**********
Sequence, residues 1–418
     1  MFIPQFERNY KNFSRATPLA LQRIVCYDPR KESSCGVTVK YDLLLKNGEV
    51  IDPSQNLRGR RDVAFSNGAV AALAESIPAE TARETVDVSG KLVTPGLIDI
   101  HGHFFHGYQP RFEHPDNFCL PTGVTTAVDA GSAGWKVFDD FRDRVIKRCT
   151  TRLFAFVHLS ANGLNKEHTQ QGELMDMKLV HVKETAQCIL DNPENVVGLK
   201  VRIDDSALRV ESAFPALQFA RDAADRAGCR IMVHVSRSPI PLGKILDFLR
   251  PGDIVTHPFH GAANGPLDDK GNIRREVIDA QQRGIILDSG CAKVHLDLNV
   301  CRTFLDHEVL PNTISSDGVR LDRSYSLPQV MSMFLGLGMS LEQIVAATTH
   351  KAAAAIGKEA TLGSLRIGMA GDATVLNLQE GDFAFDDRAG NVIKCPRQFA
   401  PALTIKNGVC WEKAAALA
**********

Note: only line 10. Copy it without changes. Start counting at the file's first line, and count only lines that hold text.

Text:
   401  PALTIKNGVC WEKAAALA